A global partnership on technologies to potentially benefit millions of smallholder farmers across Asia and Africa, was signed on May 25, in Mumbai.
The Netherlands-based agricultural biotech company KeyGene and not-for-profit scientific research organization, the International Crops Research Institute for Semi-Arid Tropics (ICRISAT) signed a Letter of Intent (LoI), for research and co-development on legumes and cereals. The two institutions will work together using novel crop innovation solutions based on KeyGene’s proprietary technologies and know-how.
The signing took place at a high profile trade mission hosted by High Commission of The Netherlands, in presence of the Dutch Deputy Prime Minister and Minister of Agriculture, Nature and Food Quality Carola Schouten in Mumbai. The LoI was signed by Dr. Kiran Sharma, deputy director general of ICRISAT and Dr. Arjen van Tunen, CEO of KeyGene.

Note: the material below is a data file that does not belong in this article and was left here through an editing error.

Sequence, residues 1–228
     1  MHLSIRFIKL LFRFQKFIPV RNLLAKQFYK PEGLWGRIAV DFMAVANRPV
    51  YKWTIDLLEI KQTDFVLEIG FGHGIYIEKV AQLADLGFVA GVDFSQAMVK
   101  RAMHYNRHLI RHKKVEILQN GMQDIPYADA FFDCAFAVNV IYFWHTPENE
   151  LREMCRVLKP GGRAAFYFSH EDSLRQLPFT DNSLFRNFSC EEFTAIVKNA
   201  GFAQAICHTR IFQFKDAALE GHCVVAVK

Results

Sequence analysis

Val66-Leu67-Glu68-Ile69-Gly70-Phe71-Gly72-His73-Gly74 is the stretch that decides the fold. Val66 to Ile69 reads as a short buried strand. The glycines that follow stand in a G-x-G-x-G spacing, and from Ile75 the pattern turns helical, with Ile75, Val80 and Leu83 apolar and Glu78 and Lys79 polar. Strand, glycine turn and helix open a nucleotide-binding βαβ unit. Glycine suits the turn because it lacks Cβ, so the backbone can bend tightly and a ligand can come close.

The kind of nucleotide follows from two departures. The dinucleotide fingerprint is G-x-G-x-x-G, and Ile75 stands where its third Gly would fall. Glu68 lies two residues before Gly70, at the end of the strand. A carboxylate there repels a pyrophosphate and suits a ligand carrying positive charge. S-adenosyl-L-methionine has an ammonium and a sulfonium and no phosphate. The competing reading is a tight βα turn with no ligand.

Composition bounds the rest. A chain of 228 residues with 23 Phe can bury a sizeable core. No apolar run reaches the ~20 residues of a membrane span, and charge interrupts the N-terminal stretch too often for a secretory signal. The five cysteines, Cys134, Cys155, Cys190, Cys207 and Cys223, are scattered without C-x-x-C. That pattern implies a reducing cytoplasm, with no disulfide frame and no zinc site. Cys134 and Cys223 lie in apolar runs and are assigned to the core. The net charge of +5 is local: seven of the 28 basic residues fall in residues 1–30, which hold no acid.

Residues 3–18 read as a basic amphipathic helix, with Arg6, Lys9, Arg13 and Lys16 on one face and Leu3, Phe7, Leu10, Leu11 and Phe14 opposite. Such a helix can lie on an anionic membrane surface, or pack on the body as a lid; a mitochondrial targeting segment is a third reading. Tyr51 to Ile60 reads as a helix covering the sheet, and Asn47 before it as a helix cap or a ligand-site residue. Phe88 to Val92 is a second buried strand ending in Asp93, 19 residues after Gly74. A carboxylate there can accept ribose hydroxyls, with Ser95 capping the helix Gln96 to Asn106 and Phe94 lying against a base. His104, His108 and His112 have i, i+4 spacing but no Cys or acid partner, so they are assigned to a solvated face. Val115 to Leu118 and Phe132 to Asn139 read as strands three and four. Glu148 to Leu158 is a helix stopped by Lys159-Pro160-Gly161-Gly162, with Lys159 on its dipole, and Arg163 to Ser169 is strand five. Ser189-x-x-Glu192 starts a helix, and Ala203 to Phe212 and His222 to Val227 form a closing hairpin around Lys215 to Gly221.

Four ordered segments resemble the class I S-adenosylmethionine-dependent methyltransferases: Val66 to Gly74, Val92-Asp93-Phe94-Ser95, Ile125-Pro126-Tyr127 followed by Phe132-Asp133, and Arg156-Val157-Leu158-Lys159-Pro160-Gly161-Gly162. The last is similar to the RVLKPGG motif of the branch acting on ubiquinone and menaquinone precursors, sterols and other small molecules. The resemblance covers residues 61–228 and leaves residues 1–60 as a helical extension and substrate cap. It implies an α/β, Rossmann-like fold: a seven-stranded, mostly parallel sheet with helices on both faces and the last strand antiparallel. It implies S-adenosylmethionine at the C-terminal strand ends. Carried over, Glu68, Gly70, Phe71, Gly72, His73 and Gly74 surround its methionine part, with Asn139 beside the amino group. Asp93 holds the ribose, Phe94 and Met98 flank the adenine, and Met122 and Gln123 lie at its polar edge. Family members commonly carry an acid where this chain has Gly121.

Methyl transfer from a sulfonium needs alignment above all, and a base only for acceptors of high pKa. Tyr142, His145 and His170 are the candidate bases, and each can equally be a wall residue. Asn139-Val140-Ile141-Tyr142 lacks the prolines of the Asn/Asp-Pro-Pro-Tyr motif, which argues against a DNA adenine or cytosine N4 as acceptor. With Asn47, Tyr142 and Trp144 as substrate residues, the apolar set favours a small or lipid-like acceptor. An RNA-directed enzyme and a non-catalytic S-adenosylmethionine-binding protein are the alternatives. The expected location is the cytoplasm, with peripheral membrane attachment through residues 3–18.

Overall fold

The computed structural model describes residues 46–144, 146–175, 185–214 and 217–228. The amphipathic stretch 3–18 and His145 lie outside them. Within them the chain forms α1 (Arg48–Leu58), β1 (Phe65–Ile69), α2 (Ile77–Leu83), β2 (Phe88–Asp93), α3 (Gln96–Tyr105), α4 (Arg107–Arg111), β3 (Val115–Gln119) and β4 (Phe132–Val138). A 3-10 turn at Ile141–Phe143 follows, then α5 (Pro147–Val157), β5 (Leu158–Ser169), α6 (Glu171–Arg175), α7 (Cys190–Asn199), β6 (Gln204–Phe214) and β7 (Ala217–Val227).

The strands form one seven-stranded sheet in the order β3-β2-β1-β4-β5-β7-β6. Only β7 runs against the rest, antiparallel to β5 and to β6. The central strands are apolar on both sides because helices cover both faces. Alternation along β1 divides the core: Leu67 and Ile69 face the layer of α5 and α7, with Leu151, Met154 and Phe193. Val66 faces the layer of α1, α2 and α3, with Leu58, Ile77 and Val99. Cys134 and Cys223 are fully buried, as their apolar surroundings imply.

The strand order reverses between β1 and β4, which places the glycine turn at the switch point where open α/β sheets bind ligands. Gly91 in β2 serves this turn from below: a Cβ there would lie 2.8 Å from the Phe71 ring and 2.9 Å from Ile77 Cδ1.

KeyGene and ICRISAT will work together on innovative approaches for trait development and gene discovery. KeyGene will share its knowledge and expertise on crops and the use of KeyGene’s crop innovation platforms. This includes KeyGene’s Sequence-Based Genotyping (SBG) and mutation breeding technologies. The genetically diverse grain legume resources of ICRISAT will serve as a reservoir for the identification and exploitation of useful traits. These will be used as a starting point for crop breeding and mutagenesis programs.
Capacity building and skill development of start-up entrepreneurs is also envisaged in this collaboration through ICRISAT’s BioNEST-Bioincubator “BioNCube.”
“We look forward to this collaboration with ICRISAT to combine scientific expertise from both organizations. The applications of KeyGene technology in the germplasm of ICRISAT’s mandate crops can help develop highly productive and resilient crops for food and nutrition security of the poorest populations in India and Africa,” says Arjen van Tunen, CEO of KeyGene.
“As part of this partnership, we are hopeful to see rapid improvements in the applications of technology and its translation into next-generation agricultural products to benefit smallholder farmers in the drylands. We also believe that the combined knowledge will enable building capacity to foster innovation in agriculture,” says Peter Carberry, director general, ICRISAT.